“Thank you for flying Kulula. We hope you enjoyed giving us the business as much as we enjoyed taking you for a ride.”


As the plane landed and was coming to a stop at Durban Airport , a lone voice came over the loudspeaker:
“Whoa, big fella. WHOA!”

Kulula loves soccer plane, Cape Town Internati...

Kulula loves soccer plane, Cape Town International Airport (Photo credit: flowcomm)


After a particularly rough landing during thunderstorms in the Karoo , a flight attendant on a flight announced,
“Please take care when opening the overhead compartments because, after a landing like that, sure as hell everything has shifted.”


From a Kulula employee:
“Welcome aboard Kulula 271 to Port Elizabeth . To operate your seat belt, insert the metal tab into the buckle, and pull tight. It works just like every other seat belt; and, if you don’t know how to operate one, you probably shouldn’t be out in public unsupervised.”


“In the event of a sudden loss of cabin pressure, masks will descend from the ceiling. Stop screaming, grab the mask, and pull it over your face. If you have a small child travelling with you, secure your mask before assisting with theirs. If you are travelling with more than one small child, pick your favorite.”


“Weather at our destination is 50 degrees with some broken clouds, but we’ll try to have them fixed before we arrive. Thank you, and remember, nobody loves you, or your money, more than Kulula Airlines.”


“Your seats cushions can be used for flotation; and in the event of an emergency water landing, please paddle to shore and take them with our compliments.”

“As you exit the plane, make sure to gather all of your belongings. Anything left behind will be distributed evenly among the flight attendants. Please do not leave children or spouses..”


And from the pilot during his welcome message:
“Kulula Airlines is pleased to announce that we have some of the best flight attendants in the industry. Unfortunately, none of them are on this flight!”


Heard on Kulula 255 just after a very hard landing in Cape Town : The flight attendant came on the intercom and said,
“That was quite a bump and I know what y’all are thinking. I’m here to tell you it wasn’t the airline’s fault, it wasn’t the pilot’s fault, it wasn’t the flight attendant’s fault, it was the asphalt.”


Overheard on a Kulula flight into Cape Town , on a particularly windy and bumpy day: During the final approach, the Captain really had to fight it. After an extremely hard landing, the Flight Attendant said,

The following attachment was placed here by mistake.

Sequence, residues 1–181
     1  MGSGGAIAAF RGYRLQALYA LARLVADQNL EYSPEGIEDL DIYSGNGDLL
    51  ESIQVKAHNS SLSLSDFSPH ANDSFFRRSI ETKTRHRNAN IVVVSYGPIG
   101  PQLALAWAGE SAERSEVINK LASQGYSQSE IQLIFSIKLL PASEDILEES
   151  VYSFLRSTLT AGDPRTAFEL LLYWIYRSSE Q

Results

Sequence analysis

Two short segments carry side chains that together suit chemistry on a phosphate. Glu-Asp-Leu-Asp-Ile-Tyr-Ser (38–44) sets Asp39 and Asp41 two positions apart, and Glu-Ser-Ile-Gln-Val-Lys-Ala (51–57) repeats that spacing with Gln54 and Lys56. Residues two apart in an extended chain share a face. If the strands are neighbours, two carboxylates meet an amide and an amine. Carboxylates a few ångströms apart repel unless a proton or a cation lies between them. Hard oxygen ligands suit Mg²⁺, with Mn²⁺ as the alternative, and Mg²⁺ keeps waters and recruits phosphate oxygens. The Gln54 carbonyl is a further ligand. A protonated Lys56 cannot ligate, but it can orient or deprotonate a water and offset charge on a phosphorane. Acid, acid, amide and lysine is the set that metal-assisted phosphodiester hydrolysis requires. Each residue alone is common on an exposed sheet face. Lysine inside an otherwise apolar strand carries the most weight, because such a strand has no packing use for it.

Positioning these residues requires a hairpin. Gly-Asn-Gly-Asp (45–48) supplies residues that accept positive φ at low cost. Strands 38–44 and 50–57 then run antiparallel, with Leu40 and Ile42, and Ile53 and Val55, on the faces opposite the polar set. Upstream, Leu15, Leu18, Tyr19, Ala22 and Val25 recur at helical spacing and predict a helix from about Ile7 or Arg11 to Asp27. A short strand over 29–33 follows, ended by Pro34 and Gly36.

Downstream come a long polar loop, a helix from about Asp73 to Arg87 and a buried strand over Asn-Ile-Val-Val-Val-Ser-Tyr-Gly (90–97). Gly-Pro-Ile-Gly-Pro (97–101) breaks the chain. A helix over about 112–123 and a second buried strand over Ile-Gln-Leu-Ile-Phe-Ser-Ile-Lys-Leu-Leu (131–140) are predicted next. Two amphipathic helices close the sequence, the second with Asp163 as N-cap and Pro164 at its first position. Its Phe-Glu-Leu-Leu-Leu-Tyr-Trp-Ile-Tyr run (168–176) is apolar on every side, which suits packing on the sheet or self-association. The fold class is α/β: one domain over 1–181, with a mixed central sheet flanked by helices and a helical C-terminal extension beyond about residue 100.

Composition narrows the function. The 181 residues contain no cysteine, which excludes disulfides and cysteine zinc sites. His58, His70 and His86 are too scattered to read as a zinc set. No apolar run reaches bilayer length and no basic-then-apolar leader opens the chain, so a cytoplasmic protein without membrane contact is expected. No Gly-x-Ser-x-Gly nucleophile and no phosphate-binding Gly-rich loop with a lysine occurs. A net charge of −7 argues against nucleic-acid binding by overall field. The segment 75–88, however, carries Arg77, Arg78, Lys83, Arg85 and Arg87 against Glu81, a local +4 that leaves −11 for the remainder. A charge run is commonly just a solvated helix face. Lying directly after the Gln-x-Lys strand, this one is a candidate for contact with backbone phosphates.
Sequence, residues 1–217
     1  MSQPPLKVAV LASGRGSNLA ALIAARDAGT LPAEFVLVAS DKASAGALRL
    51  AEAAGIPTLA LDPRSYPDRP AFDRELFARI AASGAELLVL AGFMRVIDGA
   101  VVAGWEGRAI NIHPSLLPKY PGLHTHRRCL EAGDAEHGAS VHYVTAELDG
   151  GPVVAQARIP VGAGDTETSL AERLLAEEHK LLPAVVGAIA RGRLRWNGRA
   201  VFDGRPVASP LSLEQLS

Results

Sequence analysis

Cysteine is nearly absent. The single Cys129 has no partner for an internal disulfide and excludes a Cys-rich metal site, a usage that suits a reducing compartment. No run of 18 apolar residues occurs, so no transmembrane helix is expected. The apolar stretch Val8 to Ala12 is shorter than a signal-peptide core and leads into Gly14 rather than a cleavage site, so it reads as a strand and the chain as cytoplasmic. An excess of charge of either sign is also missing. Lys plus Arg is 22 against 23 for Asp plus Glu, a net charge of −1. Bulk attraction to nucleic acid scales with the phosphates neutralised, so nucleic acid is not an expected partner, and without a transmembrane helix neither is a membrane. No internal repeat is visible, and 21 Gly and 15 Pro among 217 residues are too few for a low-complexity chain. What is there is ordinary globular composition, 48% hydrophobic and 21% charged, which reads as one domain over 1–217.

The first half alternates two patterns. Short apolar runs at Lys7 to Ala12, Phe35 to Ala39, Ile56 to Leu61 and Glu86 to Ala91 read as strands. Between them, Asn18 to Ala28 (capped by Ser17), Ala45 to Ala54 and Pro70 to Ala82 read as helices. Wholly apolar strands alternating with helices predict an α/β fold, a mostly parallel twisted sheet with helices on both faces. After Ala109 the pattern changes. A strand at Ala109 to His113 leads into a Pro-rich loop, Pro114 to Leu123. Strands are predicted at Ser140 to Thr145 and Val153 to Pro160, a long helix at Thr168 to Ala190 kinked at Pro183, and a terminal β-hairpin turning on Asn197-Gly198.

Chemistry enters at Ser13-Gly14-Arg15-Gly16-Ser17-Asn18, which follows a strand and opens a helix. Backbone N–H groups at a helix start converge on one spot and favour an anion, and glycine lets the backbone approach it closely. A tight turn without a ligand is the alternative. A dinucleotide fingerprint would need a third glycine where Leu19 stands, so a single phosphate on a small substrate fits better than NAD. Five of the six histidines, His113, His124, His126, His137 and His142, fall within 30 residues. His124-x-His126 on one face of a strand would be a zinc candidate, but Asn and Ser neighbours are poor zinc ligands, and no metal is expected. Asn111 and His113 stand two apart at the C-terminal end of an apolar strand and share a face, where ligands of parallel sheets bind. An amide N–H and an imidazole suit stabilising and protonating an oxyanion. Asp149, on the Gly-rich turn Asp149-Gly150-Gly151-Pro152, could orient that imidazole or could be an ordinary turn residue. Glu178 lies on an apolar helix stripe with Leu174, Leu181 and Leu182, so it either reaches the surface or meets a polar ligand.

“Ladies and Gentlemen, welcome to The Mother City . Please remain in your seats with your seat belts fastened while the Captain taxis what’s left of our airplane to the gate!”


Another flight attendant’s comment on a less than perfect landing: “We ask you to please remain seated as Captain Kangaroo bounces us to the terminal.”


An airline pilot wrote that on this particular flight he had hammered his ship into the runway really hard. The airline had a policy which required the first officer to stand at the door while the passengers exited, smile, and give them a “Thanks for flying our airline”. He said that, in light of his bad landing, he had a hard time looking the passengers in the eye, thinking that someone would have a smart comment. Finally everyone had gotten off except for a little old lady walking with a cane. She said,
“Sir, do you mind if I ask you a question?”
“Why, no Ma’am,” said the pilot. “What is it?”
The little old lady said,
“Did we land, or were we shot down?”


After a real crusher of a landing in Johannesburg , the attendant came on with,
“Ladies and Gentlemen, please remain in your seats until Captain Crash and the Crew have brought the aircraft to a screeching halt against the gate. And, once the tire smoke has cleared and the warning bells are silenced, we will open the door and you can pick your way through the wreckage to the terminal..”


Part of a flight attendant’s arrival announcement:
“We’d like to thank you folks for flying with us today.. And, the next time you get the insane urge to go blasting through the skies in a pressurized metal tube, we hope you’ll think of Kulula Airways.”